THE BLOG

Russell Brand in the Middle East... Or Not?

07/12/2013 20:07 GMT | Updated 06/02/2014 10:59 GMT

Standing outside a mental health clinic in Israel, with a Jesus costume in one hand and a camera in the other, I'm struck by a thought: if the burly security guards patrolling the perimeter find me, will they call the cops or have me committed?

"Why are you here?" they'd ask.

"Because of Russell Brand" I'd say.

Even I'm beginning to question my sanity.

I'm standing outside the Kfar Sha'ul Mental Health Center in Jerusalem. It specialises in treating people with messiah complex. That's when people believe they are the son of God. It's also the name of Russell Brand's latest stand-up show.

Brand has been touring the world with Messiah Complex. He even announced a string of dates in the Middle East which, for a show about religion and revolution, seems a rather apt location.

So why am I here? First in line for tickets? Unfortunately, I never got the chance. Shortly after promoting these shows to the world's media, he cancelled them. The reason given? "Security concerns." That doesn't mean he's worried someone might nick his wallet.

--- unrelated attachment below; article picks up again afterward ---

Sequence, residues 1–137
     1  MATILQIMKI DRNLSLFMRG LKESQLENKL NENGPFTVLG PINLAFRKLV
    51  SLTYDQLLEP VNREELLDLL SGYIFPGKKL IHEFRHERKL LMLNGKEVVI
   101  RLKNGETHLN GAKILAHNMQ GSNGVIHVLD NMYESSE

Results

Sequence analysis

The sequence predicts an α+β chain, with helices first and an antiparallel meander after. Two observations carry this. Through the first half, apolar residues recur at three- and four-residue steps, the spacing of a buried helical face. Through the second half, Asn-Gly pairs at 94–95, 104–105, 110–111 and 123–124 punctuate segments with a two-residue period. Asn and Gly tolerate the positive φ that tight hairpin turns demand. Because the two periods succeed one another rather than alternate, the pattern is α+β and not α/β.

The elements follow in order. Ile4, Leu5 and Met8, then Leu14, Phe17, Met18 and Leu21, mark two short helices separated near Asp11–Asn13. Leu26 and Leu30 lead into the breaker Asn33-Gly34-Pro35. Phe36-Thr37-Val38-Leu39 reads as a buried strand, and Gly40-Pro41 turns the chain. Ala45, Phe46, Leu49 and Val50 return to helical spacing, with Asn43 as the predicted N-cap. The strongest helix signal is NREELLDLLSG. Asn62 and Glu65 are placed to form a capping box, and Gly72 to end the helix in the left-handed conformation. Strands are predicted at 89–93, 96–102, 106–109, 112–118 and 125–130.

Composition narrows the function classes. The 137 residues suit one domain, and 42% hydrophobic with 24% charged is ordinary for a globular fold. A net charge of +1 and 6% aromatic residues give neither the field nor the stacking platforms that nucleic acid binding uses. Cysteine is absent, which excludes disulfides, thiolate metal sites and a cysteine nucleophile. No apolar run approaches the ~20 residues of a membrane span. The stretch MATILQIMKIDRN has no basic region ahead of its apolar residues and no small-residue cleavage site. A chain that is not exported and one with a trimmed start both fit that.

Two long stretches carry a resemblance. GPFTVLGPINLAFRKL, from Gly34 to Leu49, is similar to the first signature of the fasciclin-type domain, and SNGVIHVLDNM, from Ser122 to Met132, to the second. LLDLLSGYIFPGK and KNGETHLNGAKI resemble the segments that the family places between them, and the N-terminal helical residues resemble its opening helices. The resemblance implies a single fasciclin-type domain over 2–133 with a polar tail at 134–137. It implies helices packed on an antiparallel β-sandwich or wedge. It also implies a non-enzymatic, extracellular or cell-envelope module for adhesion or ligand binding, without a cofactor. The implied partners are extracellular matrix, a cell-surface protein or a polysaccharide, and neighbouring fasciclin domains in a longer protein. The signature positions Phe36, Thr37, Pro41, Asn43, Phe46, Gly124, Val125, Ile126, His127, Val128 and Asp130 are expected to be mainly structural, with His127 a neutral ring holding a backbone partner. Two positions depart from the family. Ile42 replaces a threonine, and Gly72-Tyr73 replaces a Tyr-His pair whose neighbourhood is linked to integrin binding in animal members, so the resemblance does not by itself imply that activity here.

In a BBC radio interview, Brand explained that owing to the controversial nature of the show, the venues had received threats from extremists and his "safety could no longer be guaranteed."

So, then, why am I here hanging around hospitals in the Holy Lands? Because I'm about to do something very very stupid. Russell Brand won't perform his show in the Middle East. So I've decided to do it for him.

In a few hours I'll be on stage in Palestine - Bethlehem in the West Bank to be precise - performing the Messiah Complex live to a room full of Palestinians, and anyone else who's interested in seeing a comedy show that Russell Brand has deemed too dangerous for the Middle East.

So perhaps the burly health centre security guards in Jerusalem have a point. Maybe I am a little bit crazy.

But I'd like to think that, wherever you are in the world, humour is a universal human trait. When it comes from a place of love, not the offensive 'Ahmed The Terrorist' nonsense of people like Jeff Dunham, comedy can be a powerful way to examine our beliefs - not cynically or narrow-mindedly oppose them. Fundamentalism is a story we've become so accustomed to hearing in 'Western' media, we've stopped questioning it. Even when we're told that celebrity comedy shows are the target.

This is the beginning of a tour which will take me to Beirut and Abu Dhabi - the other cities Brand cancelled - to discover the meaning of free speech and our perceptions of each other.

I'm just hoping I don't die on stage tonight - literally...